“If Clint Halftown wants to put these people under his umbrella and claim that this represents the Cayuga Indian Nation, that’s incredibly sad.”
Charles Bowman, a Fayette resident, who suffered a brutal beatdown at the hands of Cayuga Nation Police officers around this time last year, has finally filed a civil lawsuit in Seneca County’s Supreme Court of the State of New York on Thursday, Feb. 25.
The suit individually names Mark Lincoln, the Cayuga Nation Police Department’s superintendent as well as Pathfinder Solutions, LLC, a private security operations company based out of Valparaiso, Indiana.
Schlather, Stumbar, Parks & Salk, LLP, an Ithaca legal firm is representing Bowman in Seneca County’s court.
Jacob P. McNamara, Esq., is leading the case, and excited to take up that challenge.
“It’s ridiculous what happened here and local law enforcement could have stopped it and the fact that these thugs just came in the community and did this to a citizen is just a truly disturbing event,” McNamara told FingerLakes1.com.
There are six causes of action that prompted the long-standing civil suit: negligence, assault, battery, false imprisonment, intentional infliction of emotional distress and loss of consortium.
The lawsuit states that the defendants engaged in “knowing, malicious, willful and wanton” conduct toward Bowman that’s “so extreme and outrageous as to exceed the bounds of decency in a civilized society.”
Physically speaking, Bowman left with nasal bone and septal fractures; facial abrasions; contusions on his face, ribs, back; pain and irritation resulting from pepper spray, after his violent encounter with Cayuga Nation Police officers at the demolition site along State Route 89.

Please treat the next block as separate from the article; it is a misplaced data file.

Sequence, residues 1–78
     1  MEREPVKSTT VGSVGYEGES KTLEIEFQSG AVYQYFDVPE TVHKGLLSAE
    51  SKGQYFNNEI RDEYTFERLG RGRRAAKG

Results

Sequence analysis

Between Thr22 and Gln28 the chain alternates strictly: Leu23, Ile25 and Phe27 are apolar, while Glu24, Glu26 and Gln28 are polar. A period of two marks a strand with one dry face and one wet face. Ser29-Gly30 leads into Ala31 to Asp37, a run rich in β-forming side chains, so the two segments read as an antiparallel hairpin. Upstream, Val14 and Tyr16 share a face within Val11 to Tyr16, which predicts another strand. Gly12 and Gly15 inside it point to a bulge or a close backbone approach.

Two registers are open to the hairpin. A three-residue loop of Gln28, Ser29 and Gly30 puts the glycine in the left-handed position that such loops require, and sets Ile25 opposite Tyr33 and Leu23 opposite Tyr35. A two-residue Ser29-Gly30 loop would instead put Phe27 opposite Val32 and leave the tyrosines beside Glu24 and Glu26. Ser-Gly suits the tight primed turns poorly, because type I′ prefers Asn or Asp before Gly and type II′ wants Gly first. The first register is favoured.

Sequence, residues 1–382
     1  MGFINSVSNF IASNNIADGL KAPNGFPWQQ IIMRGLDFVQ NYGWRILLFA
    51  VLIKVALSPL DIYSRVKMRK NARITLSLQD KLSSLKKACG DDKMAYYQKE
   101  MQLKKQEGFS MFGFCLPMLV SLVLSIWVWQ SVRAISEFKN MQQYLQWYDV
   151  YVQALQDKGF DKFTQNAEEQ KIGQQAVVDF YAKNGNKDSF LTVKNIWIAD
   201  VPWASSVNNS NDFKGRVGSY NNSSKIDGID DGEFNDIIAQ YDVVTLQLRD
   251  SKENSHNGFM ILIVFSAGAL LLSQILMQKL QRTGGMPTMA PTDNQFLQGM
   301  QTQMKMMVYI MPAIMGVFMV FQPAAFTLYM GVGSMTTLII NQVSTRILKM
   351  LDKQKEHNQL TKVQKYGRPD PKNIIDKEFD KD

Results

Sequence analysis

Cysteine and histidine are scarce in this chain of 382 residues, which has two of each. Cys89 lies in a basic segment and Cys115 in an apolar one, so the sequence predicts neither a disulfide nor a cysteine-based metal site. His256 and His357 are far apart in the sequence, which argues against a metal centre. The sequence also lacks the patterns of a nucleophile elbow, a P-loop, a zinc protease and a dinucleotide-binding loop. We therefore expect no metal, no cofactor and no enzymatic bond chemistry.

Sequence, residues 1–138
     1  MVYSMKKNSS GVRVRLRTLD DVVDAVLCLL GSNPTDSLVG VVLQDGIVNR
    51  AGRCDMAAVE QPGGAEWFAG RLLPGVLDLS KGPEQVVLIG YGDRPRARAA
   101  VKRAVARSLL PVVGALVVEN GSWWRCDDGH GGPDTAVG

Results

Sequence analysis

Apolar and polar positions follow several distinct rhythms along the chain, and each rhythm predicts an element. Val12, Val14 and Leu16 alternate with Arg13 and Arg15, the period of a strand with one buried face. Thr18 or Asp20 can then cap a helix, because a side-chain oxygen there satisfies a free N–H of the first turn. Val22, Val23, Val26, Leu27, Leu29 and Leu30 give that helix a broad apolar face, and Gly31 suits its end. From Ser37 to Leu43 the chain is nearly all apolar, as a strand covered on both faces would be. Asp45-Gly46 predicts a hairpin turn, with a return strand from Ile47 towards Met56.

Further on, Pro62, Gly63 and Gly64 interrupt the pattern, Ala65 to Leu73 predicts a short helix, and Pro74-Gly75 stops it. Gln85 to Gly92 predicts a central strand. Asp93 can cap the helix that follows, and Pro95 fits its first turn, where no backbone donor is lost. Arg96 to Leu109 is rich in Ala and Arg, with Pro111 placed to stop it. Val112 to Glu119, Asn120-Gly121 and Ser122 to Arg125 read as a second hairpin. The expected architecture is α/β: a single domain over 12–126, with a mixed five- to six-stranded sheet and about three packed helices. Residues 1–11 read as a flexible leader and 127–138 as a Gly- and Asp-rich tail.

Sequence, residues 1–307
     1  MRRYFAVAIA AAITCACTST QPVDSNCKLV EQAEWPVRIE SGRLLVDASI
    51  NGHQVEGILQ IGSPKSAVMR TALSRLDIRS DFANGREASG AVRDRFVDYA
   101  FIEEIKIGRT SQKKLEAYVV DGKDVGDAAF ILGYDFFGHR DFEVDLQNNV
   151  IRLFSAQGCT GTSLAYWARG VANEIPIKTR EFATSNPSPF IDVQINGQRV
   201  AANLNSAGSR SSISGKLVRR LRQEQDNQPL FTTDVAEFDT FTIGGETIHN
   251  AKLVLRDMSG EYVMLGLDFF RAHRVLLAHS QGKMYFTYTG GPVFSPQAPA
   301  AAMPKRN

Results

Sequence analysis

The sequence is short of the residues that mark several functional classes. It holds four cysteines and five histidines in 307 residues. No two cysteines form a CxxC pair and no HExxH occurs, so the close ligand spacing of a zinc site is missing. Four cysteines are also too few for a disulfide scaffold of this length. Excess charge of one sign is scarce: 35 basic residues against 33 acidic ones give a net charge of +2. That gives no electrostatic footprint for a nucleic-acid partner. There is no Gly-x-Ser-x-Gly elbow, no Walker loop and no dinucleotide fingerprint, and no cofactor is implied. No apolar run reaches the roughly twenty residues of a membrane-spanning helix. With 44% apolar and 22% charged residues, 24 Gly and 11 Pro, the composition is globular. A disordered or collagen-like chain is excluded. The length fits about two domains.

But the emotional trauma was equally scarring, with the lawsuit later revealing an allegation that an officer sexually assaulted him when he “grabbed his crotch and penis repeatedly for no legitimate reason” immediately after undergoing an initial search before boarding a bus for an hourlong detainment while in their custody.
The Cayuga Nation Police officers later released Bowman from their custody, placing him in the care of an ambulance that rushed him to the Geneva General Hospital where he received a CT scan, and later treated for his numerous injuries.
“They violently, and without cause or justification, attacked and savagely beat him and pepper-sprayed him while he was in a helpless state and condition, and grabbed his crotch and penis repeatedly for no legitimate reason,” it further details.
Although Bowman had been beaten and bludgeoned by men dressed in Cayuga Nation Police regalia almost a year ago on Feb. 29, McNamara doesn’t “even see this as a Cayuga Indian Nation Police issue.”
They’re “private mercenaries from out of town,” McNamara characterized the contracted Pathfinder Solutions company, who originally “arrested” and later unlawfully detained Bowman on non-trust lands.
A year has almost passed, yet Bowman and his legal team are still unable to identify any of the contracted individuals who were reportedly hired and deputized to assist the Cayuga Nation Police Department in protecting their fee lands in Seneca Falls on Sat., Feb. 29, 2020.
Ambiguity and anonymity still clouds their identities, which McNamara believes will only come to light through the upcoming discovery phase of their litigation proceedings.
“We’re really interested is finding out who exactly are these people that are beating up Charles, because we’re not 100-percent clear on that. These guys are from out of town. We have them on video, we’ll be able to identify them,” McNamara explained.
As more names are added to the public record, they too, will be listed and individually subject to the ongoing civil suit, which will be continually amended as more contractors are identified.